Association which have a code of ethics to which their members subscribe. They will give you the name of an
affiliated member in your area, but won’t make recommendations or provide information on non-members.

In June of 1974, the City of Dallas enacted a motor vehicle repair ordinance which offers consumers some protection
from unfair repair practices. The consumer affairs department handles complaints and violations of the ordinance,
but there is no provision for evaluating repair shops for competency or making suggestions to consumers as to where
to have their cars worked on. But the ordinance does give a consumer some legal rights in dealing with a mechanic,
and the person who is aware of the provisions of the ordinance can possibly save himself some grief.

One investigator with the consumer affairs department recalls an incident that occured several years ago as an
example of the flagrant abuse which eventually led to the passage of the repair ordinance. A man took his Chevy Vega
into a Dallas shop and was told he needed a rebuilt engine. He agreed to the work. When he picked the car up a few
days later, it ran just as badly as before. He complained to consumer affairs, who found that all that had been done
was to clean his old engine and grind off the serial numbers. Investigators were able to raise the numbers again
with acid, proving that the engine had not been replaced. In effect, the man had been charged over $500 to clean his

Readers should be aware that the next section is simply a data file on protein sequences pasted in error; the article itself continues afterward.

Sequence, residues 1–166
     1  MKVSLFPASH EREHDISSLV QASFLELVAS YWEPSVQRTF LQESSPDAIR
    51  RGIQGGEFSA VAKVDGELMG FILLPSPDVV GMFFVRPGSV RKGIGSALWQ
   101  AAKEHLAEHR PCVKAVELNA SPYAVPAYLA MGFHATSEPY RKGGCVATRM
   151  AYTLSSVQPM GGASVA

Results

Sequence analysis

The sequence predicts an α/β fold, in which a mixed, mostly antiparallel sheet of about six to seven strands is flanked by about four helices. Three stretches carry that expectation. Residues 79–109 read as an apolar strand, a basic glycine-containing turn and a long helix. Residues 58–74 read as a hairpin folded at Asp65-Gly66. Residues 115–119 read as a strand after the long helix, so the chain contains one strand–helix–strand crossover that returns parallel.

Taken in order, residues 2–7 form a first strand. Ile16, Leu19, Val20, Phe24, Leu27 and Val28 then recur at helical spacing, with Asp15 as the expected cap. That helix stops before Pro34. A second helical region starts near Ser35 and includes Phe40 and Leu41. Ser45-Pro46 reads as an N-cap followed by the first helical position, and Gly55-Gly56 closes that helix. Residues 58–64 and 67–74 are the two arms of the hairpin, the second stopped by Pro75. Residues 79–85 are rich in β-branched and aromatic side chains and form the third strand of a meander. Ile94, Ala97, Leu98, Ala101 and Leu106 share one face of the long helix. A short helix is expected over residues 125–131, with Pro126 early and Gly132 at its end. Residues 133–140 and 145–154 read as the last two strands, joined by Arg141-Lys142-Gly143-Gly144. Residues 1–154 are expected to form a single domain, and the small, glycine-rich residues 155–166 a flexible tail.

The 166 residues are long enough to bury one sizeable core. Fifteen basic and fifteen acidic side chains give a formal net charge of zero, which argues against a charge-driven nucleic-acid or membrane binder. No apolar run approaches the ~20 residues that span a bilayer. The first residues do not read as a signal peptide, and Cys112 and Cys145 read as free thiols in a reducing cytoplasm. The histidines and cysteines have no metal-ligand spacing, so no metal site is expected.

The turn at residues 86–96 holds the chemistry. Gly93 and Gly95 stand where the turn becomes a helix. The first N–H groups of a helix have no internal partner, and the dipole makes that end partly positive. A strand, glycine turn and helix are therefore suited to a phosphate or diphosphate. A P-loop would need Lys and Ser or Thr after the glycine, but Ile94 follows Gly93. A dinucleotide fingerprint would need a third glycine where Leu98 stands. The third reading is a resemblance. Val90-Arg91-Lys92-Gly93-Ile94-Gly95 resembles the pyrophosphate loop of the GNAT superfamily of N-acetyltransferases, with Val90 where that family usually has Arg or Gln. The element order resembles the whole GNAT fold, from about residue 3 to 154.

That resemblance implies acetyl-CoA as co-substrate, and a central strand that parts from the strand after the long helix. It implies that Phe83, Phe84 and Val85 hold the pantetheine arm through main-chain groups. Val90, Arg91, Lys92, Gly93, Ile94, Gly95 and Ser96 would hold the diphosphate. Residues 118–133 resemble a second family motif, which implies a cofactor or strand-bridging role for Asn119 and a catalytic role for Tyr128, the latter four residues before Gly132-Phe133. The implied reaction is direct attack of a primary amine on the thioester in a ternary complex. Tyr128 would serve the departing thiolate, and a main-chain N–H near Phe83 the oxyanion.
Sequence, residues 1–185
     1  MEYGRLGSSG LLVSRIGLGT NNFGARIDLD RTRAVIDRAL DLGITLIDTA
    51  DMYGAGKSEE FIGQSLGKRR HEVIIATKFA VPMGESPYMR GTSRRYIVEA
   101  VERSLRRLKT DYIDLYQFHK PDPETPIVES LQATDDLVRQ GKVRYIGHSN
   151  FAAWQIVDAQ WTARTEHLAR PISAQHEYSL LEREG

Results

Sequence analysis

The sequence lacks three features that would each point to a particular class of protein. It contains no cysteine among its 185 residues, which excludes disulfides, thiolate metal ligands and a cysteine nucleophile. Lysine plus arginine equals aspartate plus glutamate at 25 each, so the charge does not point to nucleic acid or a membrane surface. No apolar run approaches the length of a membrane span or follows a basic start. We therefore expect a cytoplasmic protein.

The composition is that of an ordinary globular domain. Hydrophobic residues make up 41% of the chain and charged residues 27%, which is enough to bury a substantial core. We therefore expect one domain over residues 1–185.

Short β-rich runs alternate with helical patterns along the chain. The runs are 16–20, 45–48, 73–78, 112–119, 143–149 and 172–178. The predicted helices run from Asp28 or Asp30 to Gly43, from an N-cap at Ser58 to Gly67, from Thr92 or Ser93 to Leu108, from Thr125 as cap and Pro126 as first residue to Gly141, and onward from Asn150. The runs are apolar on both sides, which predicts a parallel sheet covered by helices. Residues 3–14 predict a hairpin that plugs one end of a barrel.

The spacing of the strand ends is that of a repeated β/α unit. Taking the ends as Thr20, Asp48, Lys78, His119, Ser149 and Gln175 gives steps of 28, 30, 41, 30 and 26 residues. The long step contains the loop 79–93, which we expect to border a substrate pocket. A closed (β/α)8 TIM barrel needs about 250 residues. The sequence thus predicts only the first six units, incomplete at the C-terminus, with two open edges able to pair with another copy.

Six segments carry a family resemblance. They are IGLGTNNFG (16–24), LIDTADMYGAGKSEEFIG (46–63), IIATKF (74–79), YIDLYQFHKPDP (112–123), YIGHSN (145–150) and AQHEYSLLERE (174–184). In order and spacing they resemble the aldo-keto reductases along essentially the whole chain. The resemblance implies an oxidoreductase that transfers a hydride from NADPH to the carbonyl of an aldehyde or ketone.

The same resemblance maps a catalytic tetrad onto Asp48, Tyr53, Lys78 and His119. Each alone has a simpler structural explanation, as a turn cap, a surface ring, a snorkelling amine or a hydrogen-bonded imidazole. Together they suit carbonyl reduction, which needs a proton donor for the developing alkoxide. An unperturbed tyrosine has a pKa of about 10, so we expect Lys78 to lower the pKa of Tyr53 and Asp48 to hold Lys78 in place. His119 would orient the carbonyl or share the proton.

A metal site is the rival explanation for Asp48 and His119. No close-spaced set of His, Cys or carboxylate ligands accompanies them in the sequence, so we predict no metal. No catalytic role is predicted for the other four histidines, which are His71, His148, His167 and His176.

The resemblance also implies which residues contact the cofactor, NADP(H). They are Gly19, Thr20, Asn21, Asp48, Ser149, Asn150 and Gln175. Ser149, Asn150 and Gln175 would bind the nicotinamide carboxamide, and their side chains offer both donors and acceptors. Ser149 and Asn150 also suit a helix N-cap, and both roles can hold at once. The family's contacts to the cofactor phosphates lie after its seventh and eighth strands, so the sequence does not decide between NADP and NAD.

engine. The shop owner was taken to court. Initially a conviction was obtained, but was later lost on an appeal to a
higher court when the plaintiff failed to appear. What defense did the shop owner use? “He said,” according to the
investigator on the case, “that the mechanic had been using a grinder which accidentally slipped and ground off the
serial number. He said he didn’t know it was the same engine. He said he was innocent.”

The dir’2ctor of the consumer affairs office, Charles Vincent, says Dallas is the first city in the country to enact
a law requiring mandatory licensing and mandatory disclosure of financial liability. The effectiveness of the law,
Vincent says, has been “generally very encouraging, obviously having curbed many major abuses.” Several cities are
studying the Dallas law as a model, and Sen. Ron Clower of Garland has introduced a similar proposal into the Texas
state legislature.

Ed Meeks, investigative supervisor in the consumer affairs department, is in charge of the staff that evaluates
complaints on auto repair work. He offers figures which show the extent of the department’s usefulness: “In 1976, we
received about 13,000 complaints from consumers, nearly 28 percent dealing with suspected violations of the repair
ordinance, making it by far our leading complaint category.” When a complaint is received, the department determines
if it is actually a violation. “If it is a first violation without malicious intent, we usually issue; a ’notice of
violation.’ Repeated or malicious violations result in a ’citation,’ which means a court date if the defendant
pleads not guilty. Conviction of ordinance violation in court is a Class C misdemeanor, resulting in fines up to
$200. Repeated convictions can mean the owner’s license to operate a shop is revoked.”

Although there is no provision in the ordinance itself for recovery of the customer’s money, Meeks points out that
when faced with a violation, repair shops often voluntarily offer to refund the money or do the work again.